Pearlescent colors are those that reflect white light with an intensity depending on the angle you watch it from. It gets its name from natural essence of pearl which also produces the same light-refracting effect.
A similar effect and one that people often interchangeably used with the term "pearlescence" is iridescence. Iridescent colors work the same way as pearlescents but reflect other colors of the rainbow instead of white. The similarity between these two effects has led to artists "crossing the streams" and producing colors known as "iridescent pearls".
The discovery of pearlescent pigments reflects humanity's advancement in paint technology. Pearlescent paints have only been discovered fairly recently, at least when compared to normal colors like black, brown, red, and gray.
As an artist, it's important to understand these lavish colors, how they're used in the past until today, what they mean and the different emotions they evoke, as well as their different shades, and how to produce them.
This article aims to help you do just that.
A Brief History of Pearlescent Colors
Pearlescent colors consist of solid color pigments with a reflective or iridescent quality which gives the resulting color its pearlescent effect. Unlike basic solid colors that have been used by artists since prehistoric and ancient times, pearlescent pigments have only been around fairly recently.
Pearlescent pigments are modern creations and only began development in the 20th century. At this time, chemists used such materials as mercury and arsenic salts to give the paint a pearlescent shine.
The first examples of pearlescent colors came from basic lead carbonate, bismuth oxychloride, micaceous iron oxide, TiO2 flakes, and natural pearl essence. The latter pigment is only available through fish scales and skin. No synthetic version of this pigment can be produced even today, making this particular pigment rather expensive.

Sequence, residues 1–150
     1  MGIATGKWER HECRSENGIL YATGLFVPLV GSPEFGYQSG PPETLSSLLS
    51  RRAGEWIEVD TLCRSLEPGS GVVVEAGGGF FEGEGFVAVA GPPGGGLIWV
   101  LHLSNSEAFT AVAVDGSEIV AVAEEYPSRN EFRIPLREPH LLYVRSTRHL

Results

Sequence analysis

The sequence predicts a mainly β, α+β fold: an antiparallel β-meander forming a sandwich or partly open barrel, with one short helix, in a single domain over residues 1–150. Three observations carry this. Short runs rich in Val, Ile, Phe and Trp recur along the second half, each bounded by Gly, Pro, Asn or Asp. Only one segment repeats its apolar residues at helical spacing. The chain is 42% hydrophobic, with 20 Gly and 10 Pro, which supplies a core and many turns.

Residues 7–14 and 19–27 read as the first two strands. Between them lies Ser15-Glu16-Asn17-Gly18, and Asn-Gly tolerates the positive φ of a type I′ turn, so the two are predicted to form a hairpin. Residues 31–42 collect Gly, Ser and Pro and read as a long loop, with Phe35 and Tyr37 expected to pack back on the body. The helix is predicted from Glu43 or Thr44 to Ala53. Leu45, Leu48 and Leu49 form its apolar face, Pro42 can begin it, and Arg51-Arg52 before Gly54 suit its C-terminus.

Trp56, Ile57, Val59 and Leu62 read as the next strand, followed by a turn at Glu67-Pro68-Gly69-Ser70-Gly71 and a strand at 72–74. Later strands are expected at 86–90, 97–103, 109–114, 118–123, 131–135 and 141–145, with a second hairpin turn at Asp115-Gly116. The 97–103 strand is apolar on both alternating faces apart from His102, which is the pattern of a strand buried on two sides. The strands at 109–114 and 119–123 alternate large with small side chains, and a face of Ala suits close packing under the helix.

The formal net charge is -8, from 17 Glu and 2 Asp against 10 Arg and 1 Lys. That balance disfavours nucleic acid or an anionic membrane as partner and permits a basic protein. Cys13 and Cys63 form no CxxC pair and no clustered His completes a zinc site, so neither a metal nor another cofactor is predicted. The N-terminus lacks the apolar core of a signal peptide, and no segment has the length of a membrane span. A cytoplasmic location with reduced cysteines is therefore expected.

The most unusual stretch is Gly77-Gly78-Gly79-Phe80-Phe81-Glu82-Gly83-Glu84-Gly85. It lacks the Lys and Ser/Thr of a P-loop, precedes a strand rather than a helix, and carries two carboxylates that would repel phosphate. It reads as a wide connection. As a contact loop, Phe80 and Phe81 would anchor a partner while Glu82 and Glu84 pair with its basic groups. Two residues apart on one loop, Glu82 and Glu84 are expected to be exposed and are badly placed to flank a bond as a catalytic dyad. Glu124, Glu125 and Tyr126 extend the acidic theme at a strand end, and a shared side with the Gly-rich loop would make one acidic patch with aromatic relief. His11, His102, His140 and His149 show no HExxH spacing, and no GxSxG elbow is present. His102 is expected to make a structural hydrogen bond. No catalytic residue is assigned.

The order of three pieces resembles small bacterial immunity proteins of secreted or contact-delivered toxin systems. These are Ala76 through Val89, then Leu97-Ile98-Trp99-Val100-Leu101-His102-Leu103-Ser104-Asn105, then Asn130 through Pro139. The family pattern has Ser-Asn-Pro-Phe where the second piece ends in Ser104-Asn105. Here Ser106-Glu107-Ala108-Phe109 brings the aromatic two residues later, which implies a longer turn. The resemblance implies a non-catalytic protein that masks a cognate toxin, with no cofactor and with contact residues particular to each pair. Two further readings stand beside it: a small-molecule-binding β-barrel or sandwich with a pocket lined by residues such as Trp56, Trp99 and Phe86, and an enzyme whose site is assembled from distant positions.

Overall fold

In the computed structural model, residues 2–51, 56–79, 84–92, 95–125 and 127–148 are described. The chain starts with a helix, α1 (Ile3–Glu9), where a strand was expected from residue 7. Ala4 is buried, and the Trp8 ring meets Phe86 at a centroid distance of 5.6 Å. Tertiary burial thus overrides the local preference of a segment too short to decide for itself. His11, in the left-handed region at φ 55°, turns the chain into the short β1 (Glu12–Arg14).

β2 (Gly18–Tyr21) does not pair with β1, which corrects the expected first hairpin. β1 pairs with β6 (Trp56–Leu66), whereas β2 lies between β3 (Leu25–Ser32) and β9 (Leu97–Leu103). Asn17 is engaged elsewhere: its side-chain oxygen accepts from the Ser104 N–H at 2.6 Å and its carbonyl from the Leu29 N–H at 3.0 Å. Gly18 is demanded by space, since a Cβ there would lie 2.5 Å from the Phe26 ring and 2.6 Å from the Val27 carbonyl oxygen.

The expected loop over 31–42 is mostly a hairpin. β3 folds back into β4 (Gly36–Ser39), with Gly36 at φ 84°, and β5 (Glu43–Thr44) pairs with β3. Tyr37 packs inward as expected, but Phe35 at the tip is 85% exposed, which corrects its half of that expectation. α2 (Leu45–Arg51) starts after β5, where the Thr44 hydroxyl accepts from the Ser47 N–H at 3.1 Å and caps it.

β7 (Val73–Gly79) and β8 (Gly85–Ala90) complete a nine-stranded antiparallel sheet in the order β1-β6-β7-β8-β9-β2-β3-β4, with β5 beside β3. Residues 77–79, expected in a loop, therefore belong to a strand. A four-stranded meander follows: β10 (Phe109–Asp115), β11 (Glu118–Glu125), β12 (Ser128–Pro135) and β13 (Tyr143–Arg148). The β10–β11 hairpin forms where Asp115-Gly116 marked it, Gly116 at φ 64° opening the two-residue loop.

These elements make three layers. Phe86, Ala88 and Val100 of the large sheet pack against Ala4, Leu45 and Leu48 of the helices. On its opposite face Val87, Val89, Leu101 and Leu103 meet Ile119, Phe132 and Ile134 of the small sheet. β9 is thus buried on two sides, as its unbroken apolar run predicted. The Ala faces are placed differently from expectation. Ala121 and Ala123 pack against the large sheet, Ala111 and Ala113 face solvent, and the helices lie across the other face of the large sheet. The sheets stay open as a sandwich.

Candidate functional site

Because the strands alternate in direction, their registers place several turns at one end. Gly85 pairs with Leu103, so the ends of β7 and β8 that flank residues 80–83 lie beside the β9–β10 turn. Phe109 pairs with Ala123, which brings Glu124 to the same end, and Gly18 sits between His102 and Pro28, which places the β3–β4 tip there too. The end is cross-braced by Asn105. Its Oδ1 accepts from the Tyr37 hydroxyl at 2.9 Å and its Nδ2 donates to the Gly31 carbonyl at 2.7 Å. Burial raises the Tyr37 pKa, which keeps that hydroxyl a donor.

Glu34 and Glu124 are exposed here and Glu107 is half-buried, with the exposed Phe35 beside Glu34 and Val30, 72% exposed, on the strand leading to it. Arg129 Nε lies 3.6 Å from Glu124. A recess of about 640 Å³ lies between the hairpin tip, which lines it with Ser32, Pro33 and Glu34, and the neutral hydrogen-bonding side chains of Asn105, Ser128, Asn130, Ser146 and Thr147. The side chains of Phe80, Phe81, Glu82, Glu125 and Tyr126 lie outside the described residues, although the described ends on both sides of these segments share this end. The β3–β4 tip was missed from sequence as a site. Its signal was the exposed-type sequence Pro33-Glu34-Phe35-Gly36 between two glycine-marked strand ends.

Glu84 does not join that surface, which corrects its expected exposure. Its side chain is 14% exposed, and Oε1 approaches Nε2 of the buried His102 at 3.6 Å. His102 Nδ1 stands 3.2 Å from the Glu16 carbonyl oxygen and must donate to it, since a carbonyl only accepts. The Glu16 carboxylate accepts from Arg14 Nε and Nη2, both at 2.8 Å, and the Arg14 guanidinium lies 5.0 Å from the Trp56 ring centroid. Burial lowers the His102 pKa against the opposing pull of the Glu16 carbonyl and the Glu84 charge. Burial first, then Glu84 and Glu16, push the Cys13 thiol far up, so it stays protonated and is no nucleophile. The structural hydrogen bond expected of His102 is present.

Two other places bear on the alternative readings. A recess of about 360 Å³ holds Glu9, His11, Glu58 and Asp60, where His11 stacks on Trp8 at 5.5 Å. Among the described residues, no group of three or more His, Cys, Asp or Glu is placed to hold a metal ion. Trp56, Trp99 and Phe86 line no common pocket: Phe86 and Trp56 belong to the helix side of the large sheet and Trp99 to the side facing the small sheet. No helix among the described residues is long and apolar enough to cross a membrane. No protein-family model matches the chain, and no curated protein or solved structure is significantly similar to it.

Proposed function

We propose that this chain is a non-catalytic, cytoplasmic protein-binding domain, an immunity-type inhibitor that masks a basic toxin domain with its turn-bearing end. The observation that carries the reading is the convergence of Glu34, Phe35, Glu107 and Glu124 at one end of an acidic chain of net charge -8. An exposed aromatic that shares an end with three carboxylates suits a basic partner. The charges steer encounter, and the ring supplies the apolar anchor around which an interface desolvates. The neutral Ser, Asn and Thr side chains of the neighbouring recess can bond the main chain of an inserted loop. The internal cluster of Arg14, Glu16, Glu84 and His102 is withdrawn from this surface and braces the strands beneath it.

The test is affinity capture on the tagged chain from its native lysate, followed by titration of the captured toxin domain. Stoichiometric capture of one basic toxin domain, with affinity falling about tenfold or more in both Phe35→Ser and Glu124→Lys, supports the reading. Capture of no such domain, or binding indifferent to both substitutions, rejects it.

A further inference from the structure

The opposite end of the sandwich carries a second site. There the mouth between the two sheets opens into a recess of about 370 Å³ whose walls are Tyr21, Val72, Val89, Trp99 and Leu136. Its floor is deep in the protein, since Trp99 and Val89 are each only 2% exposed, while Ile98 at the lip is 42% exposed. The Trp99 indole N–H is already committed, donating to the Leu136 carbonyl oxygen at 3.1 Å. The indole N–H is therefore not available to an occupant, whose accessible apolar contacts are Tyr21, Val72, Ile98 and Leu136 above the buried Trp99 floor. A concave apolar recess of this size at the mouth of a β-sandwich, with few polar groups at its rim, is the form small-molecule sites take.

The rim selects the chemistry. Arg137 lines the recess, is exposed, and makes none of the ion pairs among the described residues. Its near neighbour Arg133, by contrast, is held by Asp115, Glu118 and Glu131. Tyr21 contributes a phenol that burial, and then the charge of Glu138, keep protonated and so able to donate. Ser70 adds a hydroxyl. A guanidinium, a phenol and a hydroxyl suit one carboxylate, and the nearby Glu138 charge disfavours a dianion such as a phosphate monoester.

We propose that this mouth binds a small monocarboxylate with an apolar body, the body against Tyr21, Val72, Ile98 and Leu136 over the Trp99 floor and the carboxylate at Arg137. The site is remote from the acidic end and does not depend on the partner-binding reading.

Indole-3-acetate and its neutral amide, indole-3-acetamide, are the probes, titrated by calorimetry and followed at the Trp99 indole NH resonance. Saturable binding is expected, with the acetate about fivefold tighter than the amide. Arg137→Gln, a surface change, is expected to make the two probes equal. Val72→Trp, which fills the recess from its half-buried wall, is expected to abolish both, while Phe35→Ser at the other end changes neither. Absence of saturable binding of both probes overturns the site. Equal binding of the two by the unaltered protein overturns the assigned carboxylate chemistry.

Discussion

Pearlescents would continue to use these same materials until the invention of mica-coated metal oxides. Mica is a relatively inexpensive natural crystal that's easy to cut into minuscule particles with varying weights. Mica-based pigments began development in the 1970s and saw accelerated development until the 1990s.
The discovery of Mica-based pigments fast forwarded pearlescent pigment development and eventually led to the production of silica-based and aluminum-based pearlescent pigments.
Pearlescent Colors: Psychology and Meaning
Solid colors have gathered various emotional meanings and associations through the centuries that they've been used by humankind. Pearlescent colors, on the other hand, found common use only at the turn of the century but have become more and more popular as time goes by.
Since "pearlescent" is more a paint effect rather than a "traditional color", it isn't a stretch to say that pearlescent colors share the same emotional meanings as their solid color counterparts – red for passion, pink for romance, orange for the sublime, and green for nature – albeit with some extra flair or extravagance.